Worse still, it will push the number of British households living in fuel poverty up towards the nine million mark long before 2020.

Those who argue that this is a loveless coalition government may draw comfort from the mutuality in their pursuit of follies.

“Climate deniers” in the Treasury continue to throw money at fossil fuels, while “financial reality deniers” in the Department for Energy and Climate Change (DECC) do the same with nuclear.

For two parties devoted to market liberalism, this Bill could be the biggest act of corporate socialism in my lifetime – redistribution from the many to the futile.

Ofgem’s warnings are not to be scoffed at. DECC has often looked incapable of negotiating an unconditional surrender, and its discussions with the nuclear industry are not going well.

It looks as though new nuclear will need a price guarantee of twice (three times?) today’s wholesale price of electricity, for 40 years.

Ministers do not even bother to ask why their preferred source of energy requires subsidies of so much, for so long. Even less do they question the spiralling cost trajectory that new nuclear is on.

For the public, the cost will be paid in bills, other choices – and lives.

For less than the cost of a single new nuclear power station, Britain could take seven million households out of fuel poverty.

For less than the cost of the bribes that we will pay for reopening mothballed gas power stations we could have a renewable energy programme that would deliver sustainability, and a decentralised system of generation, and distribution that would turn a cartel into an energy democracy.

As it stands, hundreds of thousands of the fuel poor will die in this decade, waiting for energy that will not arrive until the next.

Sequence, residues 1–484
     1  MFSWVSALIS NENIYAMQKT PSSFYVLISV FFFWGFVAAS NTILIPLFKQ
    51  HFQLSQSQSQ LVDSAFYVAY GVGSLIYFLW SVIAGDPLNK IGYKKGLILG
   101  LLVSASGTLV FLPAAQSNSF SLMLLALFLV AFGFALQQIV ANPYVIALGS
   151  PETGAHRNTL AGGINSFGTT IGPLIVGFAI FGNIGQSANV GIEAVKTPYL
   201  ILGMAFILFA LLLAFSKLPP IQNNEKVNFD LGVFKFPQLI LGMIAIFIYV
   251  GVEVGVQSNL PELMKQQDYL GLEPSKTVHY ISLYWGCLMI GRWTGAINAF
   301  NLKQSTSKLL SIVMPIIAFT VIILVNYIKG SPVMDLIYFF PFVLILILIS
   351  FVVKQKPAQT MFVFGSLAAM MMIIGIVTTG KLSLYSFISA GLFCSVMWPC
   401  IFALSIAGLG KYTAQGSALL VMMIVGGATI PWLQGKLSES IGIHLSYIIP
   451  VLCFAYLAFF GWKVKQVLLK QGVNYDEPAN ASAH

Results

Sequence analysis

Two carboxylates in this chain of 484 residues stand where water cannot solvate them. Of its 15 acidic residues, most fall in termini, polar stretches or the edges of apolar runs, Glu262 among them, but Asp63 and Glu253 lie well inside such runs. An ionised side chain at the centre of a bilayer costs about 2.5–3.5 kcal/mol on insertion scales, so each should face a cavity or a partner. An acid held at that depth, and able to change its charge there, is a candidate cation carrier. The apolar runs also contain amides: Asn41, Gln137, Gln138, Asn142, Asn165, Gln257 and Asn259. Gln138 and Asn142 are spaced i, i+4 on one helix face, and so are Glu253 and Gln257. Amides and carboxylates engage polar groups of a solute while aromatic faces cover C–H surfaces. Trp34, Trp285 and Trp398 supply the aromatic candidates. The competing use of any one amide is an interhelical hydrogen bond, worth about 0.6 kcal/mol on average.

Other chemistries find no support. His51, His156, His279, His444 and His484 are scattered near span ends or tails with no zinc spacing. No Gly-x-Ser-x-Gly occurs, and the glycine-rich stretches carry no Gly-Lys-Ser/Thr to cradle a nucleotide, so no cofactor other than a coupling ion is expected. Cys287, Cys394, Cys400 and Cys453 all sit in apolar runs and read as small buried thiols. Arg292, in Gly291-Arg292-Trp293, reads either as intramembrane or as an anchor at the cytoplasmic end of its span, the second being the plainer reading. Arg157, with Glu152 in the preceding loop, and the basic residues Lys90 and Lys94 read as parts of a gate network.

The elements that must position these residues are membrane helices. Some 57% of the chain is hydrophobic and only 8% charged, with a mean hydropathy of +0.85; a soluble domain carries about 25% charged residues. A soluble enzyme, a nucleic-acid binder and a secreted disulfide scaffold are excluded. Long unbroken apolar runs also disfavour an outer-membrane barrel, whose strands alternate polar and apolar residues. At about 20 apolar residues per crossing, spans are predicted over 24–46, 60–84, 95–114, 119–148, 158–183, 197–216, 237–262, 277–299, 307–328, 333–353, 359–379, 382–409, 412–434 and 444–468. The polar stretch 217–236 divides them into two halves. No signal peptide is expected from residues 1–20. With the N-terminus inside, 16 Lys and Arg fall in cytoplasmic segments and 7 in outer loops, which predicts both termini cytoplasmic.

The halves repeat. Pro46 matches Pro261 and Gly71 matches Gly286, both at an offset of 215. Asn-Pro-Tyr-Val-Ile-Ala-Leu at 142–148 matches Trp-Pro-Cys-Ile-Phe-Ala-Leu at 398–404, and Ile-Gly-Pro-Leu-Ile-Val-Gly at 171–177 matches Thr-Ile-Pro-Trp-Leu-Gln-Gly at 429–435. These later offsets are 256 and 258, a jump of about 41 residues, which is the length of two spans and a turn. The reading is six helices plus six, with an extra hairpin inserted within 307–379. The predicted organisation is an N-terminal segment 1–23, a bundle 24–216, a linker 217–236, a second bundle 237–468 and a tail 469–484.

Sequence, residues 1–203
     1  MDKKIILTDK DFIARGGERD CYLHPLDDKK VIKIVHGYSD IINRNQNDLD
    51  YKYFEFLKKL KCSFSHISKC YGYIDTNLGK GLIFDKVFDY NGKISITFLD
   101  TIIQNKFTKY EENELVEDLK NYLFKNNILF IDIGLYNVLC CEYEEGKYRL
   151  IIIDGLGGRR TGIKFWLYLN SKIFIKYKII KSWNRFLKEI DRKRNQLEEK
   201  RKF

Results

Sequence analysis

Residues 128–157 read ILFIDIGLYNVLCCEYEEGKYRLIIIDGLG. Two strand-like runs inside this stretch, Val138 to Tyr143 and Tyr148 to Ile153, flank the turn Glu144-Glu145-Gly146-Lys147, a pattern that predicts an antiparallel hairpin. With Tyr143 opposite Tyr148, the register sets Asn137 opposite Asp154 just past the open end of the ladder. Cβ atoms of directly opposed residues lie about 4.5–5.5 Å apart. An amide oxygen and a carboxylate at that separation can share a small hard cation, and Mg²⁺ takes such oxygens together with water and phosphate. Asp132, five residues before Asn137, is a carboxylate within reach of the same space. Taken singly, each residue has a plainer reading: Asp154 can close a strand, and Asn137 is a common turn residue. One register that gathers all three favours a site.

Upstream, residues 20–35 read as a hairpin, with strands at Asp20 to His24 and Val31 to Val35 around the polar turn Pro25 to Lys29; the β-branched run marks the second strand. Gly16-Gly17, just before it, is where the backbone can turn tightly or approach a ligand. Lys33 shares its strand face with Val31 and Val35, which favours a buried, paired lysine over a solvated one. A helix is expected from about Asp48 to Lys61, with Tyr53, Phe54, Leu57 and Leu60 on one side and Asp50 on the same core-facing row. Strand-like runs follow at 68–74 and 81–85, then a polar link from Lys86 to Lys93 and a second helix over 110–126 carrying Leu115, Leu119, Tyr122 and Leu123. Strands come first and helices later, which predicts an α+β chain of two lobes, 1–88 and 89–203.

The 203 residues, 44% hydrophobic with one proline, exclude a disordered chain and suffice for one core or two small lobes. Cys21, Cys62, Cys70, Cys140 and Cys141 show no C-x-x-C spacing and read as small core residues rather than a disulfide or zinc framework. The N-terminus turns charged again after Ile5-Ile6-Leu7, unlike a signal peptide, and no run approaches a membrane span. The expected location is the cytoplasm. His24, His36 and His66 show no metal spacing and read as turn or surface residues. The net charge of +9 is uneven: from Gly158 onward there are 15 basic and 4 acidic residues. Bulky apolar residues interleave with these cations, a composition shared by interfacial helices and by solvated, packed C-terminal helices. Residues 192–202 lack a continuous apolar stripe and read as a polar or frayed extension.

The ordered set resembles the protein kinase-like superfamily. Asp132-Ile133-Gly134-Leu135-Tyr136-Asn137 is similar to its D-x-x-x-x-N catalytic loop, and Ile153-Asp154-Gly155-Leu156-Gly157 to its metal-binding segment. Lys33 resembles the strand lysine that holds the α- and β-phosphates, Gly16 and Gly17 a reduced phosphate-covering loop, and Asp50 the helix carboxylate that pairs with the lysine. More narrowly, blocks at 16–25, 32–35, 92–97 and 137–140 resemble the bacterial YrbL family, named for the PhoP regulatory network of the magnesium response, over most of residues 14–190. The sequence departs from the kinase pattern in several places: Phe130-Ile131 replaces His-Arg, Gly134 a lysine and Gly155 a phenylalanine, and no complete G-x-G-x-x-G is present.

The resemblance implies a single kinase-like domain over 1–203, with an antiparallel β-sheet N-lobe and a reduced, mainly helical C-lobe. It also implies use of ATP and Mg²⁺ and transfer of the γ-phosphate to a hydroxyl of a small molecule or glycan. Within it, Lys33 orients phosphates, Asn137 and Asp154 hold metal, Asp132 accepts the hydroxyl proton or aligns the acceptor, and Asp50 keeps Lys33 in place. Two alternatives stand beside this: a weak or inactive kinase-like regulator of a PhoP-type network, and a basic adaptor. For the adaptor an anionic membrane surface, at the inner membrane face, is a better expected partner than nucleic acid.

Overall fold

Millions more will face rising fuel bills for energy set to become less and less affordable, while better choices slide off the table.

This is not a programme, it’s a road crash. The only sources of energy with genuinely falling cost curves are all being sidelined.

The only technologies able to democratise the energy sector are being squeezed out of the market. And the delusions of the past are all set to blight the future.

In the face of the Ofgem warnings, fossil fuel addicts are already clamouring to keep the old, polluting power stations running. Sod the planet, just prop up the past. It’s the price, we will be told, for keeping the economy going.

In addressing Britain’s great energy stitch-up, I’ve tried to hold off on comparisons with choices being made in Germany. But let me finish on this note. The biggest indictment, the most cruel comparison, is to look at what the Germans have been doing.

The Germans understand the future in a way that we don’t. Smart technologies will drive their future energy systems far more than power stations.

Markets will sell non-consumption (energy saving) more enthusiastically than new energy consumption. And lower carbon emissions will be seen as the engine of economic prosperity, not its enemy.

Just look at what this has meant for Germany over the last decade.

  • Over 400,000 jobs have been created in their renewable energy sector in the last five years.
  • The German renewables market will be worth €2,200 billion by 2020.
  • German solar prices have already fallen so much that they are equal to the price of purchasing power from the electricity grid.
  • The avoided cost of fossil fuel imports will be worth €22 billion by 2020.
  • Renewable energy investment increases German GDP by over €20 billion per year
  • German national debt will be €180 billion lower, in 2030, than it would be without their climate protection measures, and
  • The German economy will create a surplus of €0.34 for every reduced tonne of CO2 it delivers.

If there is a difference between patching up the planet and stitching up the public, this is it. Britain may not get the message, but we will certainly pick up the bill.

  • Alan Simpson was Labour MP for Nottingham South from 1992 to 2010.

The real value of trees

From

The i-Tree app has been used by many cities to calculate the monetary value of urban trees.
“The values take into account energy savings from shade, impact on the city’s air and water, and the boost in property values associated with leafy neighbors.”